Recruiting more male staff might feel like enough of a task in itself, but how can we create early years teams that really welcome and support men – and the boys in their care – to take on and excel in caregiving roles?
Examples of early years settings that have really grasped the nettle of building effective mixed-gender teams are few and far between – but in recent years awareness of the need to address this challenge has grown, and there is now an impressive range of support options available if you need some external help.
In this case study Glyn Hawke – deputy head and early years teacher at Rye Oak Primary School in south London, describes his school’s journey as he and his colleagues began to explore and unpick their role in challenging or reinforcing gender stereotypes.
This started with thinking about the ‘assumptions’ that had become ‘fact’ in the team’s daily work – many of them based on unevidenced beliefs about innate biological differences between boys and girls – and moved on to unpicking what it meant to be a ‘male role model’. What exactly are male staff supposed to be modelling and to whom – and why?
In Rye Oak’s case, this process of discovery included a trip to Sweden – where the National Curriculum includes a statement specifically requiring schools to challenge gender stereotypes – to look at gender neutral and LGBTQ+ inclusive practices. And it has led to wide-ranging changes in the everyday work of the setting, such as reviewing the gender content of children’s books, opening up discussions about different types of families, avoiding ‘pet’ names, and seeing practitioners as ‘gender flexible’ in their roles.
“Beginning to explore our own complicity in gender stereotyping challenges one’s own sense of self and one’s own practice,” says Mr Hawke. “This is a really uncomfortable reflexivity but, in our view, was and is critical to ensure that any changes we make aren’t superficial but are embedded in scientific research and good pedagogy.”
The good news is, it’s possible for organisations to embark on a similar journey, without anyone having to leave the country! Registering as a Gender Action Supporter organisation is a good first step to take: find out more here.
Gender Friendly Nursery
In Glasgow, nine nurseries took part in the Gender Friendly Nursery pilot, organised by Glasgow City Health & Social Care Partnership in 2016-18. They received staff training, were invited to audit their practice, access resources and develop an action plan. In the evaluation of the pilot, many participants highlighted changes they had made to systems and practice since the initial training. The team behind the pilot is now looking to roll the training out. Find out more here.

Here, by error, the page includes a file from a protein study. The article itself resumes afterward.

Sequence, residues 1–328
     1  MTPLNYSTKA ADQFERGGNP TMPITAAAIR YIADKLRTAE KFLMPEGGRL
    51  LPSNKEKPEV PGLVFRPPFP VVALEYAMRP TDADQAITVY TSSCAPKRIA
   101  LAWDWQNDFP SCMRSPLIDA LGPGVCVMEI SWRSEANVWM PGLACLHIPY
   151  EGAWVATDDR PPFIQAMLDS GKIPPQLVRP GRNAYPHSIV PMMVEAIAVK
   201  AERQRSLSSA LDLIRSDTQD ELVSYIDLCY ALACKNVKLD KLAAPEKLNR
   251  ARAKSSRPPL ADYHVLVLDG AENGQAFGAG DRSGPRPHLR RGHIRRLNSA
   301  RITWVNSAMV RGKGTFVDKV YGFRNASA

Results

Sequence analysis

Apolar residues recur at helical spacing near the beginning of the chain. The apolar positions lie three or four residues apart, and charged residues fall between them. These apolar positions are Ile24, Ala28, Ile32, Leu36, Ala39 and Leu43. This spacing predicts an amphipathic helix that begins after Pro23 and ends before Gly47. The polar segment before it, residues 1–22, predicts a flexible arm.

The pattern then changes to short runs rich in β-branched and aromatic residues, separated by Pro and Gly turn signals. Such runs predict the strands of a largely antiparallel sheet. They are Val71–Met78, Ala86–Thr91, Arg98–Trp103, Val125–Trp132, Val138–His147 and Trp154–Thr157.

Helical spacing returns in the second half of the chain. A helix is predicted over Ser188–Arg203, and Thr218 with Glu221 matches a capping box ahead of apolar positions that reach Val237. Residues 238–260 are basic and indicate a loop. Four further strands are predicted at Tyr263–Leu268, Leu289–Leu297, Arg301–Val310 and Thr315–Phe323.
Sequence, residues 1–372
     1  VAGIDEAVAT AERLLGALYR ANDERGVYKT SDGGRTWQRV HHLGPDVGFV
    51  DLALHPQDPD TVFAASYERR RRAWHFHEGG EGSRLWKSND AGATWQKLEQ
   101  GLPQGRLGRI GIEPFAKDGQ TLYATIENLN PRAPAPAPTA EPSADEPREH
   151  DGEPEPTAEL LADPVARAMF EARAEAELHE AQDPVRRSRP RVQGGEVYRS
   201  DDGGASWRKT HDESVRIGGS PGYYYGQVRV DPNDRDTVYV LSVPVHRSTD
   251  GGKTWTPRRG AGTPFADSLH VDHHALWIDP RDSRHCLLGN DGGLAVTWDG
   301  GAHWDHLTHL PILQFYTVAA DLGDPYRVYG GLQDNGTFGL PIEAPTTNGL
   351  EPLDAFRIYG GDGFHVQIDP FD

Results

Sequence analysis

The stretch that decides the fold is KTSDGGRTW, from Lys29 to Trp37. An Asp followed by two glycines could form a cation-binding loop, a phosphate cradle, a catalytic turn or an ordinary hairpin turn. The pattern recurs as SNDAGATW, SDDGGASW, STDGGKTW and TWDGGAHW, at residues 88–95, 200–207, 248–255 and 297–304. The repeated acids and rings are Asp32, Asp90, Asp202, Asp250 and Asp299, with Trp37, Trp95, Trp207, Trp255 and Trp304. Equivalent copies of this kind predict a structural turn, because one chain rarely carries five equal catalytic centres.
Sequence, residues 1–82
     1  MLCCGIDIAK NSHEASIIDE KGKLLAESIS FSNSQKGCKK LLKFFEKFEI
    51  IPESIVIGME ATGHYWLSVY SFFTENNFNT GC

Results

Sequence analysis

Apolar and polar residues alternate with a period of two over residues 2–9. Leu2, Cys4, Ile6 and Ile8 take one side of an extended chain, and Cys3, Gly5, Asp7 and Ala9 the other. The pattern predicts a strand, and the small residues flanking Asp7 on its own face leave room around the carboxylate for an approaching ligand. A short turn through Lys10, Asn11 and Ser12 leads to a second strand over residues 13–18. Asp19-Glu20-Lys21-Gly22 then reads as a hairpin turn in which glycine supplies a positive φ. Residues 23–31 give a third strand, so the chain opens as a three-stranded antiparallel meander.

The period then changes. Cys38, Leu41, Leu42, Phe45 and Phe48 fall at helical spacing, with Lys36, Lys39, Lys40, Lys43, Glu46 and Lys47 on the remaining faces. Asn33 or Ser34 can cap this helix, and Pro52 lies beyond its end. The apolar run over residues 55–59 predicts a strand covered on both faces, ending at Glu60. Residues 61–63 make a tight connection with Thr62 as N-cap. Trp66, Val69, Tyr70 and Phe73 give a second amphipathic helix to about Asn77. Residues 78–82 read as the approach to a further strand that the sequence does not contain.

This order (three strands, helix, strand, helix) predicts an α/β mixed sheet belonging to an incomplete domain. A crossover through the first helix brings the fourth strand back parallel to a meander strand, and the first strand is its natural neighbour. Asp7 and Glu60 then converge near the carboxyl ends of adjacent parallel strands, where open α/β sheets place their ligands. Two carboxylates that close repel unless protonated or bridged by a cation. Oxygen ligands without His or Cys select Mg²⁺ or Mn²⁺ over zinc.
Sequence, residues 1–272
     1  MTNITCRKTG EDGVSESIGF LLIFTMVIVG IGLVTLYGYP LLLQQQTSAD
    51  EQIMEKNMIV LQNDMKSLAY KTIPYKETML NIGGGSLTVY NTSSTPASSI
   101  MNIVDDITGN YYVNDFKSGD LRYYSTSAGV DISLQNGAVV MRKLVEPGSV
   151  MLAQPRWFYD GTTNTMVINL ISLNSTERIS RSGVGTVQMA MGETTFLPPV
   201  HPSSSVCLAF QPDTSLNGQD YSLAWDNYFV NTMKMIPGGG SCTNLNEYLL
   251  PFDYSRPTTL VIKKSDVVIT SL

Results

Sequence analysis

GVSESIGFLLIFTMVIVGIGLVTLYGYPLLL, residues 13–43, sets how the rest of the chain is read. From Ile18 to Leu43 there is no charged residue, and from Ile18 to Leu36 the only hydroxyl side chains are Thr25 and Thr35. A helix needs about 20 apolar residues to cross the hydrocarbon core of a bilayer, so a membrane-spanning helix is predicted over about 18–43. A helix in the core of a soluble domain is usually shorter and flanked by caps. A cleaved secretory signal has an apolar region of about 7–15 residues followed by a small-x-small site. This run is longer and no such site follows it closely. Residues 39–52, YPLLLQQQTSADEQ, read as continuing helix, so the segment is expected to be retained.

You Be You
You Be You helps teachers in areas of high deprivation to help break down gender stereotypes, by providing them with lesson plans. In its pilot in two London primary schools, the lessons achieved a 29% decrease in pupils believing that some jobs are only for men and some are only for women; a 32% decrease in pupils believing that girls are kinder than boys are; and a 46% increase in pupils believing it’s ok for boys to like ‘playing house’. Find out more here.
Lifting Limits takes a ‘whole school’ approach, supporting settings to examine how gendered stereotypes may be perpetuated and/or challenged and also to equip their pupils to tackle gendered inequities wherever they encounter them. This starts with a ‘gender audit’ and a combination of ‘gender lens’ training for staff, lesson plans and school wide resources. Its pilot year evaluation found a 60% increase in staff’s confidence in addressing sexism and stereotyping with pupils, colleagues and parents. Across key stages pupils endorsed a wider range of occupations for women and men at the end of the pilot; more than double the number of Early Years children (71% post-pilot compared to 35% at baseline) said nursing is ‘for everyone’ (rather than ‘for boys’ or ‘for girls’). Among older children (Key Stage 2), 42% of boys said they could be a teacher post-pilot, compared to 24% at baseline. Find out more here.
MITEY training & consultancy
Our own MITEY training can be commissioned as a one-day course or mini-conference; bespoke consultancy is also available. Drawing on the latest research evidence from around the world, we can support early years leaders, managers and practitioners to recognise and start to unpick their unconscious bias, building multi-gender, gender-flexible, gender-sensitive staff teams. We will work with you to cover a range of topics including myths and stereotypes about men in early years education; male-inclusive recruitment and retention; creating a gender-confident team; gender-flexible practice; communicating with parents; and gender-sensitive pedagogy.
Later in 2020 the GenderEYE study will publish its findings and hold a training event which should help interested organisations devise more effective male recruitment and retention strategies – and again, the focus will be on creating gender-flexible, gender-flexible teams. Stay in touch with the study via its website.